From the reports I received this week, a wave of monarchs was apparently migrating through Middle Georgia. In addition, it was encouraging to hear that most of those reporting the appearance of these large orange and black butterflies were seeing more monarch than they had seen in years.
For example, my wife and I saw no fewer than seven monarchs at one time in our yard. While that might not seem remarkable, during the fall, in recent years, we have not seen more than two or three at time visiting our flowers. A friend that lives in Lamar County said she was thrilled to discover 15 monarchs nectaring on ageratum late one afternoon. She went on to say this was far more than she had seen on her property in years. In another instance, a friend that lives in McDonough reported seeing many monarchs flying along the highway while driving from his home to Jonesboro. He was excited that this was more monarchs that he had seen in long time. Yet another friend reported larger than normal numbers of monarchs showing up in his Monroe County yard.
The appearance of monarchs in Georgia backyards in autumn points out the need for all of us to ensure that these iconic butterflies have plenty to eat on their epic journey to the Sierra Madre Mountains in Mexico. This extremely long migration can take as long as two months. During this flight, monarchs touchdown in many places as they travel anywhere from 25 to 100 miles a day. At each stop they need to be able find enough food (nectar) to restore their fat reserves that fuel their long journey to their winter home, survive the winter, and then return to the United States.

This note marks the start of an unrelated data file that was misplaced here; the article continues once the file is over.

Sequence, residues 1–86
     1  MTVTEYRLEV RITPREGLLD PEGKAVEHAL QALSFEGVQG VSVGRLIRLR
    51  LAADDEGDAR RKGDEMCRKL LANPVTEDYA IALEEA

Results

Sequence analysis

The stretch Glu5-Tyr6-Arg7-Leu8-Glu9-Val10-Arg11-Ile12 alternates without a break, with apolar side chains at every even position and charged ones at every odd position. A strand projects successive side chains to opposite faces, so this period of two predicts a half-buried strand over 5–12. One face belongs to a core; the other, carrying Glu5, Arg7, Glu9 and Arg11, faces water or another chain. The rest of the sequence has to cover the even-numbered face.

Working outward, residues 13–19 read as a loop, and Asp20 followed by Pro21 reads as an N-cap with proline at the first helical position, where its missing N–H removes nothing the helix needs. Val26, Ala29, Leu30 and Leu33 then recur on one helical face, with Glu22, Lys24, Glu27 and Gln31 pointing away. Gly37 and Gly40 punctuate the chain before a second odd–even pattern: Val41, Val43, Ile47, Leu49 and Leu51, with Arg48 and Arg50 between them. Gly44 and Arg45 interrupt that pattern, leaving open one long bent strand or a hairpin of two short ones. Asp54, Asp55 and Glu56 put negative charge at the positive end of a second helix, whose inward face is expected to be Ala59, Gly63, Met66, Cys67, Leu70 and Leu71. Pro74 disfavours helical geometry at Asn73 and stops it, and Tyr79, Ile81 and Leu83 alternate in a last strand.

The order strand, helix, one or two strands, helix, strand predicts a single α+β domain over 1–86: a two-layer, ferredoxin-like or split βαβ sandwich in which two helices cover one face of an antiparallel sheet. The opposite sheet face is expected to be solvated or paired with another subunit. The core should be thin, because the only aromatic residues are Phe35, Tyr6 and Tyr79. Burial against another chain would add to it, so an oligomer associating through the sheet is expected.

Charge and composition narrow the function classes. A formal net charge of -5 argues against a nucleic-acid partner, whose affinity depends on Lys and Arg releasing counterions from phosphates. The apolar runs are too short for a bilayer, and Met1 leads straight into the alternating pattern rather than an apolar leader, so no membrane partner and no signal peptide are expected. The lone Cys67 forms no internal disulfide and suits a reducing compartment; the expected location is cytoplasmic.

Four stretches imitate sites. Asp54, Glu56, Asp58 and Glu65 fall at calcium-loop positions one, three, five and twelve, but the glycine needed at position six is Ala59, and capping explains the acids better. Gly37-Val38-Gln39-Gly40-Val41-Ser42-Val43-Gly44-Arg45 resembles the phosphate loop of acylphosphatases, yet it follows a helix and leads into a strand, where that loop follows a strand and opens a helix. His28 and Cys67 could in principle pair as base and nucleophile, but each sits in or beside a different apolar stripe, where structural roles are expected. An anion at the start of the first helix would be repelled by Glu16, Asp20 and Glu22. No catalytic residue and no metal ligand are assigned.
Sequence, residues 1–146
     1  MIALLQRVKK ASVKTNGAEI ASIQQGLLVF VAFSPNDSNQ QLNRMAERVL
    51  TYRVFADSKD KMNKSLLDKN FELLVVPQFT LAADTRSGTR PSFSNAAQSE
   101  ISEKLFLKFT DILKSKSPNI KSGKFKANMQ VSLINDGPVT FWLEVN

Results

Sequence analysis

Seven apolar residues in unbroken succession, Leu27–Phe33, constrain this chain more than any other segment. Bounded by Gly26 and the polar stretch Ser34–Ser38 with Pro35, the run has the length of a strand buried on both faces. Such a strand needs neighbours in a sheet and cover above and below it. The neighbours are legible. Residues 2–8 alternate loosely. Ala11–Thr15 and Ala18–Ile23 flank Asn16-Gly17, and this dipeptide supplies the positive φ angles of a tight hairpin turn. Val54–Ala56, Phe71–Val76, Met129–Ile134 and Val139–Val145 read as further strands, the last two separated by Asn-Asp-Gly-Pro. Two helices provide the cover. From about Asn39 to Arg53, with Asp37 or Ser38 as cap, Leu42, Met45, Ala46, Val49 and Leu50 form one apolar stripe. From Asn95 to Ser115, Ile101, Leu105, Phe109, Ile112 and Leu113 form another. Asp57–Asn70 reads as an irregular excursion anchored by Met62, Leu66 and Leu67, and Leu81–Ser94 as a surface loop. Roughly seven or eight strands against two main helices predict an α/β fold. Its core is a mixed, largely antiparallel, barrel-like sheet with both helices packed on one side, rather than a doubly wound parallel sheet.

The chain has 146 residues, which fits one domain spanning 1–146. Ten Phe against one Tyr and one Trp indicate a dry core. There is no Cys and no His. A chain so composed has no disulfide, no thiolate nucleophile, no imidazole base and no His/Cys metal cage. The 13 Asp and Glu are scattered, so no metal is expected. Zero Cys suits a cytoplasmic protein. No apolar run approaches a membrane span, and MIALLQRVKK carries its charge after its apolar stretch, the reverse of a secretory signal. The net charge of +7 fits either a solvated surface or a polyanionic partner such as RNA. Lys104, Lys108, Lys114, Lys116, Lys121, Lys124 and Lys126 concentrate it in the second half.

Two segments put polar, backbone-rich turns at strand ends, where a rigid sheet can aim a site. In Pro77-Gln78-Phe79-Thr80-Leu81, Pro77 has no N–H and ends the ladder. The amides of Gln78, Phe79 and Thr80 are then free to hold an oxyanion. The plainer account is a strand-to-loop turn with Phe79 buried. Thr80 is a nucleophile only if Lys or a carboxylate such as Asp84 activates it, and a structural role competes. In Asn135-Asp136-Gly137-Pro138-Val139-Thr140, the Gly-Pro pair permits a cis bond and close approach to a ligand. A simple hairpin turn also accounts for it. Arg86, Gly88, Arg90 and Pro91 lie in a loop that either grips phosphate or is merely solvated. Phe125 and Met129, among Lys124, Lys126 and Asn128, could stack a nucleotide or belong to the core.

Some researchers feel that the ability of monarchs to find enough nectar along the fall migration pathway is extremely critical to the survival of the species. As such, we all need to put out the welcome mat to America’s favorite butterfly as it moves south. The best way this goal can be accomplished is to grow a variety of fall-blooming nectar plants in our backyards. If we all offer a helping hand, we can create a series of stepping stones monarchs can use as they cross the state each autumn.
The problem is the nectar plants in many backyard gardens across the state are pretty ragged by this time of the year. As such, they do not provide monarchs with nearly as much nectar as they could.
When the monarchs arrived in my yard this year they were greeted to a mix of flowers including butterfly bush, zinnia, cosmos, scarlet sage, Turk’s cap, mountain mint, liatris, ageratum, goldenrod, and lantana. By far, the monarchs most often fed at butterfly bush blossoms. The next most popular plant visited was lantana. Interestingly, while monarchs preferred ageratum at my friend’s house in Lamar County, they never visited it in my yard. In addition, while they have fed at Georgia mint growing in my yard in past years, they did not visit it this year.
This points out the fact that we need to provide migrating monarchs with a variety of nectar plants. When this is done, chances are the butterflies will find one or more plants in just the right stage of blooming to provide them with much-needed nectar.
If you are interested in adding some autumn bloomers to your landscape to help southbound migrating monarchs, here are a few of the other nectar plants reported to attract monarchs in fall: Mexican sunflower, ironweed, aster, marigold, blanket flower, and petunia.
If you have noticed monarchs feeding at other flowers in your yard at this time of the year, I would appreciate knowing about it.